Beach Volunteer Finds Massive 100-Pound Moonfish Washed Up in Oregon—and the Photos Go Viral

By Epoch Inspired Staff
Epoch Inspired Staff
Epoch Inspired Staff
Epoch Inspired staff cover stories of hope that celebrate kindness, traditions, and triumph of the human spirit, offering valuable insights into life, culture, family and community, and nature.
July 23, 2021 Updated: July 23, 2021

Recently, a volunteer at Sunset Beach, Oregon, stumbled on a washed-up, bright-silver-and-orange moonfish on the shore—and the discovery caused quite a stir among the locals due to its unique appearance.

The volunteer spotted the moonfish, or opah (also called a sunfish), on the morning of July 15, and immediately called Seaside Aquarium, part of the Marine Mammal Stranding Network (the specimen already being dead).

In an interview with The Epoch Times, 38-year-old Tiffany Boothe, who’s been with the aquarium for the past 20 years, spoke about the happenings on the day the opah was discovered.

“One of our volunteers was on the beach when she came across a strange fish she hadn’t seen before and gave us a call,” Tiffany said.

Epoch Times Photo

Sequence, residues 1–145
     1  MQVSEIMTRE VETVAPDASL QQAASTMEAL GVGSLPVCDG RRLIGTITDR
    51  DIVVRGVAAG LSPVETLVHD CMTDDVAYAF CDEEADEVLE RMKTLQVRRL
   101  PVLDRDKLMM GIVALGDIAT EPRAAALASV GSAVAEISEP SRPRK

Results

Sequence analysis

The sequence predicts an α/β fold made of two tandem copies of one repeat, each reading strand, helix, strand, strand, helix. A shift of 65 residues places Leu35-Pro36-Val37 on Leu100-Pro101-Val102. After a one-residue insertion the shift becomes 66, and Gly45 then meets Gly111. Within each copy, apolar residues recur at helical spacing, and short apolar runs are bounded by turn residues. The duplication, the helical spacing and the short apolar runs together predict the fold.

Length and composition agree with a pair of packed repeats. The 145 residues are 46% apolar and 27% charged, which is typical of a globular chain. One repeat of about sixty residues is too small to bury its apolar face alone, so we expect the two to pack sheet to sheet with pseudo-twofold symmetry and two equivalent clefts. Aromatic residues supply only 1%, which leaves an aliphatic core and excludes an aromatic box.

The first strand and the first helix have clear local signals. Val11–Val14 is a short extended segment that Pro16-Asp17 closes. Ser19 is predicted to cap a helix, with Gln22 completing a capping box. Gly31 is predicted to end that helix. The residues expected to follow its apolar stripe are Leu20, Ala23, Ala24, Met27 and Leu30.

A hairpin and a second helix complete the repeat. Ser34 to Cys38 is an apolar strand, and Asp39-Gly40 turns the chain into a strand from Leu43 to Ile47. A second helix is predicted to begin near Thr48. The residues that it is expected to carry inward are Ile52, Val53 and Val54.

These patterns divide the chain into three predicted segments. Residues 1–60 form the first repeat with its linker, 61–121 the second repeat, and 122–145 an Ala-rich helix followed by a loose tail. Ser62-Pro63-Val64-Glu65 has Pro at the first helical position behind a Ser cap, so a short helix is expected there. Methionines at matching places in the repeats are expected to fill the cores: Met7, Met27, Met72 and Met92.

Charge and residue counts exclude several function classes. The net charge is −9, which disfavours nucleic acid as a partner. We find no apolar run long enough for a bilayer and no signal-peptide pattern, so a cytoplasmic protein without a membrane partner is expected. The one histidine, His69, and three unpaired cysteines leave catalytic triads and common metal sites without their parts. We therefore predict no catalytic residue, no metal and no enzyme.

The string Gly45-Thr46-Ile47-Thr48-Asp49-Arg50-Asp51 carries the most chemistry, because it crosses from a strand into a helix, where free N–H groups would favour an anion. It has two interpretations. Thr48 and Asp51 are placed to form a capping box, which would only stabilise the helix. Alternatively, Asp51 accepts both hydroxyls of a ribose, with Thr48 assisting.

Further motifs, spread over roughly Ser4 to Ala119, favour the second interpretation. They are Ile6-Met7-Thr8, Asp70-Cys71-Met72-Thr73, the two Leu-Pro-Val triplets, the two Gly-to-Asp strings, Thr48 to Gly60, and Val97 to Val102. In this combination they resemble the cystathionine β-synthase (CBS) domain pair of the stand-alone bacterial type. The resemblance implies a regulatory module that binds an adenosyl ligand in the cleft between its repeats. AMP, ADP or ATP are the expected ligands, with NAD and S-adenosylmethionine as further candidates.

(Courtesy of TiffanyBoothe/SeasideAquarium)
Epoch Times Photo
(Courtesy of TiffanyBoothe/SeasideAquarium)

The volunteer proceeded to send them some photographs of the bright-colored fish.

“We had seen photographs of them but never actually seen one in person,” she said.

“In the photograph the fish did not appear to be very big but when we came across it, we were amazed by its size, and then when we tried to move it, was surprised again by its weight.”

The opah weighed over 100 pounds (45 kg) and was over three feet across—about average size for a fish that can grow over 6 feet long and weigh over 600 pounds (270 kg).

Epoch Times Photo
(Courtesy of TiffanyBoothe/SeasideAquarium)
Epoch Times Photo
(Courtesy of TiffanyBoothe/SeasideAquarium)
Epoch Times Photo
(Courtesy of TiffanyBoothe/SeasideAquarium)

“While they do follow a warm water current off of the Oregon Coast, they are usually very far offshore, so it was unusual for one to be so close to shore that, when it died, it washed ashore in almost pristine condition,” Tiffany said.

Seaside Aquarium recovered the opah and encourages visitors to come view the huge, unusual specimen. Taking to social media, the aquarium posted their plans for the moonfish.

“Always on the lookout for new educational opportunities, the fish will be frozen until the school year starts,” their post read. “Partnering with the Columbia River Maritime Museum’s educational director, Nate Sandel, one lucky school group will get the chance to dissect this large fish.”

The post of the spectacular specimen went viral, being shared over 20,000 times and garnering awe-struck reactions aplenty.

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Epoch Inspired Staff
Epoch Inspired Staff
Epoch Inspired staff cover stories of hope that celebrate kindness, traditions, and triumph of the human spirit, offering valuable insights into life, culture, family and community, and nature.